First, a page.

- are full-time, part-time or casual – working holidaymakers are included;
- receive a super pension or annuity while still working; or
- are a company director.
There was an important change last year (from 1 July 2022) – you now have to pay super for employees who are paid less than $450 in a month.
The rules for determining whether someone is an “employee” for super guarantee purposes are a bit different to the rules that are relevant for PAYG withholding purposes. Thus, the ATO has said that the draft ruling mentioned above will not be binding on them for super guarantee purposes.
Tip! If you are uncertain whether you need to pay super on behalf of a person working for you, talk to CMA Accounting and Taxation Services.
Are you still using your ABN?
Your ABN may be flagged for cancellation if you haven’t reported business activity in your tax return, or there are no signs of business activity in other lodgements or third-party information.
If the ATO identifies your ABN as inactive, they will contact you by email, letter or SMS.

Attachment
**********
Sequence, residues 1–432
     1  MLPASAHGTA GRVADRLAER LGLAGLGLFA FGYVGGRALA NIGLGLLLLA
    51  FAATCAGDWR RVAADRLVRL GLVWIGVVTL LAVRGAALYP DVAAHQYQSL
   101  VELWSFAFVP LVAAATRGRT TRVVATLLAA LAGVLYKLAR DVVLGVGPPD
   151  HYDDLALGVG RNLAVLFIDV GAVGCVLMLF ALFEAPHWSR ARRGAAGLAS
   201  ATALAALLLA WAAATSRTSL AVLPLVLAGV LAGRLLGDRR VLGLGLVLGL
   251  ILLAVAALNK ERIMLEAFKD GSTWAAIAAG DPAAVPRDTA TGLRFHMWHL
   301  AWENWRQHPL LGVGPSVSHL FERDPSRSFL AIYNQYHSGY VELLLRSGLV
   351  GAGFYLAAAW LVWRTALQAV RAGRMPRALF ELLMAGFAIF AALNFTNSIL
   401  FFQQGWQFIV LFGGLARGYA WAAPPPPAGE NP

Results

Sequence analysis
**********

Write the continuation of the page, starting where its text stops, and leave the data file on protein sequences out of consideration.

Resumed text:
- still require your ABN, the ATO will explain what you need to do to keep it;
- are no longer in business, no action is required and the ATO will cancel your ABN.
If your ABN has been cancelled and you are still entitled to it, you’ll need to reapply.
You can reapply for the same ABN unless your business structure has changed, for example, if you were a sole trader and you now operate the business through a company.
All ABN holders have a responsibility to keep their business details up to date. This includes cancelling your ABN if your business is no longer operating. You must tell the ATO of any changes to your business details within 28 days of the change.
Tip! CMA Accounting and Taxation Services can give you further advice.
Are you changing your business structure?
If you are changing your business structure, for example from a sole trader to a company, you will need a new ABN. Other situations where you need to cancel your ABN and apply for a new ABN include where changing from:
- individual/sole trader to partnership or trust;
- individual/sole trader to company or trust
- partnership to company or trust.
You must ensure that your ABN details are updated on your tax invoices. This is essential as your ABN is used to:
- identify your business identity to others when ordering and invoicing; and
- claim GST credits.
Other businesses and entities must withhold payment at the top tax rate if the ABN quoted on the invoice is incorrect or the details do not match up.
Remember to ensure that you update your GST registration details whenever you get a new ABN.